What are Delta and Southwest on to? Is our ego bought off so easily? Look at your thinking throughout the day. Is not most of it about “me” and what “me” needs or doesn’t need?

The ego thrives on separateness and differences. So yes, even an absurd thing like stepping on a rug or being publically acknowledged for being a business select customer will stroke the ego and increase consumer loyalty.

Why does the ego thrive on differences and being special? Quantum physicists explain that reality consists of an undifferentiated whole, which we can call Wholeness. The separated me, according to Albert Einstein, is an optical delusion of [our] consciousness. This delusion is a “prison,” Einstein wrote. Why? When we are in our prison we are cut-off from the gifts that emanate from our True Self. And those gifts are only available from Wholeness.

We are all experts on our own ego and its predilections. Our ego tells us what makes us happy or unhappy. We believe if we get more of the “happy” and less of the “unhappy,” we will finally be fulfilled. Being an expert on “me” means that we lose our ability to find the deep abiding happiness that our True Self provides. When we honor our ego’s false beliefs, we feed our ego power.

Tom Carpenter writes, “All of the ego’s power is derived from our mistaken belief that there is an alternative to Love.”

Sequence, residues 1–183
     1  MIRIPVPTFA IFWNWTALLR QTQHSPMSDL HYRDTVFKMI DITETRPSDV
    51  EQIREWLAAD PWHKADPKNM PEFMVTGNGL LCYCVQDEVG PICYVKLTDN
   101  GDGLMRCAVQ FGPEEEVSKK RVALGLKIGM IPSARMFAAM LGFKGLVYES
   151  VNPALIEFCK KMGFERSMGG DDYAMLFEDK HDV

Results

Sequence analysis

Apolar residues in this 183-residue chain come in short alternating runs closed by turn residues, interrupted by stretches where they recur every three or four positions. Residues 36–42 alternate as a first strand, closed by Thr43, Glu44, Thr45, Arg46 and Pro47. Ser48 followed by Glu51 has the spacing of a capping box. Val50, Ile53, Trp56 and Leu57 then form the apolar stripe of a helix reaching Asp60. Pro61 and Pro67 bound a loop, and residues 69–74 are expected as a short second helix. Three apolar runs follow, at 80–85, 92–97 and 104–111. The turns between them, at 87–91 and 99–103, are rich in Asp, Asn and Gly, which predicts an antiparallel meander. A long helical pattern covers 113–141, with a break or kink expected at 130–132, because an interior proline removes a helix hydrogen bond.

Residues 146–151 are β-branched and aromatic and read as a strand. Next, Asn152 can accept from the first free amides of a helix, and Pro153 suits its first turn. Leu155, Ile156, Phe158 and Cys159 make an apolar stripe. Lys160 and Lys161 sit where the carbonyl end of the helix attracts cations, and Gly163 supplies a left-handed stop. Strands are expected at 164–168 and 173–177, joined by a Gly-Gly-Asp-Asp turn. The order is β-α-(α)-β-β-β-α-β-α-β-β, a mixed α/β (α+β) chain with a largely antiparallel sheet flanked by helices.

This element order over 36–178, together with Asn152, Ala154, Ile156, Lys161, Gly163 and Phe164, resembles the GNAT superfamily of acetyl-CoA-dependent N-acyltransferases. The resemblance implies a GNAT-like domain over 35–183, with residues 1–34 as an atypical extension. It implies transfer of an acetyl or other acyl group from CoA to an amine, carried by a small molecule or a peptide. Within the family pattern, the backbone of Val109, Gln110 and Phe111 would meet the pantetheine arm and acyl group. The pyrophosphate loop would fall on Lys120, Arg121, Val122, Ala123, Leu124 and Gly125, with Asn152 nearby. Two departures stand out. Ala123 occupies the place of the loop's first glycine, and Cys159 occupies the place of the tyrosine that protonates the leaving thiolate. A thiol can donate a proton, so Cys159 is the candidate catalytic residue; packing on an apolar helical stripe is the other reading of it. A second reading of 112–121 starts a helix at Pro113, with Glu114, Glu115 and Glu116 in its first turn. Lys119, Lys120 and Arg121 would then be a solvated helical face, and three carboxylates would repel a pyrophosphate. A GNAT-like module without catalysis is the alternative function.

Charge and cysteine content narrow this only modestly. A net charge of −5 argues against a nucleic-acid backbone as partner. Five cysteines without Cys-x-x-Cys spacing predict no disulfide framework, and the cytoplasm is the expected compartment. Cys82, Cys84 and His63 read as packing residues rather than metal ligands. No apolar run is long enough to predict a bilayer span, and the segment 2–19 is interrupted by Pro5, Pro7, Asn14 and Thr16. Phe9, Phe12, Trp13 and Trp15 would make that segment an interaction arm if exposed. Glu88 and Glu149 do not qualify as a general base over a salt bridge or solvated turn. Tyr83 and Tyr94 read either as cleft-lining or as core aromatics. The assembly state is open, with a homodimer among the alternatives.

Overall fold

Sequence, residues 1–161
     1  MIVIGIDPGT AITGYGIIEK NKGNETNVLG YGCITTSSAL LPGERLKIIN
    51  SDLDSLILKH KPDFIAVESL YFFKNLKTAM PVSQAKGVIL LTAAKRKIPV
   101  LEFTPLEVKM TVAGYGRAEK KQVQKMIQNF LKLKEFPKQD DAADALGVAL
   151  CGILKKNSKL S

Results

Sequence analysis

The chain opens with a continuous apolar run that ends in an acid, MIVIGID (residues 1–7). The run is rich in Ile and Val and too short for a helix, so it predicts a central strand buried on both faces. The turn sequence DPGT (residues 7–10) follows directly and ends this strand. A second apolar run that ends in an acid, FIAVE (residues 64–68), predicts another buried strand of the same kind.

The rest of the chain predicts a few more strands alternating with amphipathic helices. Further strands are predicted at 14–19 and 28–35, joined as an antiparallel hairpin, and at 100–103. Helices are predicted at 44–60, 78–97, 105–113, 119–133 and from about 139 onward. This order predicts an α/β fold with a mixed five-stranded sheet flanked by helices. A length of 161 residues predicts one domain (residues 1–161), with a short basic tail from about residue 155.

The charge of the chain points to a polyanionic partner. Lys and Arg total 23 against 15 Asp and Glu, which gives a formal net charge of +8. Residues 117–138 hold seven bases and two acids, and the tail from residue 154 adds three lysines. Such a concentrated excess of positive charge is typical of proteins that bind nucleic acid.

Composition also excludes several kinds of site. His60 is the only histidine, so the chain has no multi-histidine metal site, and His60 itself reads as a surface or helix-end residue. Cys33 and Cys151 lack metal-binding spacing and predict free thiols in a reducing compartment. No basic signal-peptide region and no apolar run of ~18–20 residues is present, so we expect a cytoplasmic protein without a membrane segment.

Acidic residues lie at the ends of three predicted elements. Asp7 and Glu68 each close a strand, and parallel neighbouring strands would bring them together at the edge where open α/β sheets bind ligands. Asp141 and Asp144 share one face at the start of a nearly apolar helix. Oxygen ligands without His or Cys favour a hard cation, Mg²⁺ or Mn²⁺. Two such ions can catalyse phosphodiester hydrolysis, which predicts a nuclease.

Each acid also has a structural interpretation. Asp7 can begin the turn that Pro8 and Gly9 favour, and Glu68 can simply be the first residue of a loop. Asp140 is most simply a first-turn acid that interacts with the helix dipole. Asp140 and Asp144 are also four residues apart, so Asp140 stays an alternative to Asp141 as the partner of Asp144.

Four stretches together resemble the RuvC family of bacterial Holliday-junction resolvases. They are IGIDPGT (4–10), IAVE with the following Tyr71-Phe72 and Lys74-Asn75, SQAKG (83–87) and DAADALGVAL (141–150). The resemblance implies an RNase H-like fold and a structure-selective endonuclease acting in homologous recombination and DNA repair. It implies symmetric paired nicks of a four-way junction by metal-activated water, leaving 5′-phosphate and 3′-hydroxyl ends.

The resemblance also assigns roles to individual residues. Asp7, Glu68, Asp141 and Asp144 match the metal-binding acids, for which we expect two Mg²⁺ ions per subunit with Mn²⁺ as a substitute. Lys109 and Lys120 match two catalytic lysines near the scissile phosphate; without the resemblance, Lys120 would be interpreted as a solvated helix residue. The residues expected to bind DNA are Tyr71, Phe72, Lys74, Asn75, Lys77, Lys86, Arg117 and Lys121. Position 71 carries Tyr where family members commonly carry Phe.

How can there be an alternative to Love? We can pretend that sitting at a table or steeping into a carpet will make us happy. There is nothing wrong with make believe, but the ego’s price is steep and the hangover is terrible.

The hangover comes in the form of the low buzz of angst that most of us live with us. Some try to medicate the buzz. Alcohol, drugs, shopping, watching television, even getting upset or starting an argument can distract us from the buzz. When later we look for causes of our existential angst, we blame it on external circumstances. We are always wrong. When mistakenly we believe there is an alternative to Love, the cause of our existential angst is our desire to be special and different.

What is the cure for the hangover of specialness? We look at the terrible price we pay for our specialness and we decide the price is no longer worth it. We no longer ask the world to provide something it can’t, namely, to be a substitute for Wholeness. Having emptied a space, Love rushes in to fill the void.

2 Responses to The Terrible Cost of Specialness

  1. I have seen similar behavior on Sundays in church, a place where we are suppose to be sharing and helping others. There are families that sit in certain pews of the church, and in some cases, have done so for multiple generations. In their mind a specific pew belongs to them. Somehow, through a strange usage process, ownership has become established. If a new person comes in and sits in an “owned” pew, that individual is ostracized with cold stares. Nobody that I’m aware of has said, “please move, this is my pew”, but I’m sure it has happened somewhere. And if looks could kill…..

Leave a Reply